The problem lies in the increased health risks involved in operating on a person

The problem lies in the increased health risks involved in operating on a person


Plastic surgery is a serious choice that must be thought through plastic picnic bowl set beforehand. But for a growing segment of the population, there is more than just thinking that needs to be done before going under the knife. These people are obese patients, who may be considered poor candidates for certain elective surgeries. Getting down to a healthier weight before further considering surgery can be the difference between a smooth recovery and painful complications.


The problem lies in the increased health risks involved in operating on a person with extreme amounts of excess fat. Studies show that obese patients suffer more than 10 times the complications from plastic surgery than non-obese patients. The most common types of complications are infection and dangerous inflammation. Infections are probably more prevalent, because the immune system is weakened in obese patients, and poor blood circulation slows down the healing process.Also, because their bodies are bigger, the operation is often longer, more intensive and more complicated than on a person who is of a healthy weight. The incisions that need to heal are often larger and therefore take longer and run the risk of higher complications during the healing process. Even if plastic surgeons agree to operate, there are a few types of cosmetic procedures that are not recommended for very overweight people. For example, liposuction is not likely to have much of a noticeable effect.

Even if a considerable amount of fat is removed, the person can then collect fat in strange places, giving them an odd appearance. Likewise, breast augmentation is inadvisable as well, because plastic surgeons say the larger bust line can make the person appear even heavier.Because the cures for several obesity-related illnesses involve weight loss, some obese people attempt to better their health quickly via liposuction. The fact that plastic surgeons typically remove far less than 10 pounds of fat during a typical liposuction may put a damper on the possibilities imagined in that miracle cure. Liposuction is designed to contour the body by removing small pockets of fat from select places on the body; it is not meant to be a process for weight loss.In recent years, some researchers have conducted studies centered on the health effects of high-volume liposuction in obese people. In these studies, nearly 10 percent of the patients' body fat can be sucked out. Their health statistics, such as blood pressure and cholesterol levels, were recorded before and after the procedures.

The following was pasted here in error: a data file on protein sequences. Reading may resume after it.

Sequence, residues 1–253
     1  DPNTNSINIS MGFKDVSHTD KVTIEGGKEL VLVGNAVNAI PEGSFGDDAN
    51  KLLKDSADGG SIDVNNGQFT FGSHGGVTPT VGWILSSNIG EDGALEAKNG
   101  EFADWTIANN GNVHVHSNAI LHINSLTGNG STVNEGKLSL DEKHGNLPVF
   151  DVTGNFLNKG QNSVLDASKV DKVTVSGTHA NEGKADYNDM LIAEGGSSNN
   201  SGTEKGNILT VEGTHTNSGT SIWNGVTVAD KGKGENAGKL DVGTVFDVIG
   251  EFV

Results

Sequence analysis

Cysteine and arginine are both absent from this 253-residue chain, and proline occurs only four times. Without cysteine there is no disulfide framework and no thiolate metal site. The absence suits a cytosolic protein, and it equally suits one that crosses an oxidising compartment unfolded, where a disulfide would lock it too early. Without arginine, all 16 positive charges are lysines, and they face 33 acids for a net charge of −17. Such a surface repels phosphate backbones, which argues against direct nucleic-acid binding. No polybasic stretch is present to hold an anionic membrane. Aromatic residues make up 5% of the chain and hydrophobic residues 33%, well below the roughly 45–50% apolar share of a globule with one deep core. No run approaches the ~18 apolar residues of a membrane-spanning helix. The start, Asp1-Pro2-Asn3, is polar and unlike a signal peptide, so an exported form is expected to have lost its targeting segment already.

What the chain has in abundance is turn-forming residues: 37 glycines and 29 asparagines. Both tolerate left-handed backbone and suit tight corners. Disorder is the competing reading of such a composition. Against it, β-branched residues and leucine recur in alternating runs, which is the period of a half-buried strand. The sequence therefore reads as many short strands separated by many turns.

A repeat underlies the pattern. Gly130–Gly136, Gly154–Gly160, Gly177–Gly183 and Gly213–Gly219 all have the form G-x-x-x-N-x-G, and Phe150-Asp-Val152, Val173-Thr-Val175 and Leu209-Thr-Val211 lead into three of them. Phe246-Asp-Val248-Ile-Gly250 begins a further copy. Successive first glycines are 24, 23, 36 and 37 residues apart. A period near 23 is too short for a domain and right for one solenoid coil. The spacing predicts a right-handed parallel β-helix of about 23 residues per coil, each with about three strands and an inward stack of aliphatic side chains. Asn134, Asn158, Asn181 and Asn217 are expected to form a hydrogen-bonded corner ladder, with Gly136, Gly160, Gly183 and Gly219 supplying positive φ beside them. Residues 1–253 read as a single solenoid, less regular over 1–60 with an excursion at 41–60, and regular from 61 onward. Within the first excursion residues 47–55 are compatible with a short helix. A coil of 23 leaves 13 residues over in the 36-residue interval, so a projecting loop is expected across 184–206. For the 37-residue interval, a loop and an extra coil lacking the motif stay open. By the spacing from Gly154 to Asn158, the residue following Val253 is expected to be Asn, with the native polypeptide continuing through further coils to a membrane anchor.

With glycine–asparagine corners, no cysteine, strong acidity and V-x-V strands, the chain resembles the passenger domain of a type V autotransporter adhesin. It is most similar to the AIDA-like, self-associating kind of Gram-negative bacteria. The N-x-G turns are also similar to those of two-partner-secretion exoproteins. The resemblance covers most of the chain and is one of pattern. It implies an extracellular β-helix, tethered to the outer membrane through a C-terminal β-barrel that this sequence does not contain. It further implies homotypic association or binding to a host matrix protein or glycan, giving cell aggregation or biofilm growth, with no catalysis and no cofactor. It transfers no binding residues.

The results showed that weight loss through liposuction proved almost entirely ineffective in improving these health factors and in curing diseases, such as diabetes. Even though it has been proven time and again that weight loss equals better health, the studies found that it is only weight loss through dieting and exercise that produces healthy results. This is probably because liposuction sucks out external surface fat that lies right under the skin. The fat stored deeper within the abdomen and around the vital organs is the kind that causes obesity-related health problems like diabetes and high cholesterol. If better health is the goal in mind, gastric bypass surgery would be much more effective than plastic surgery.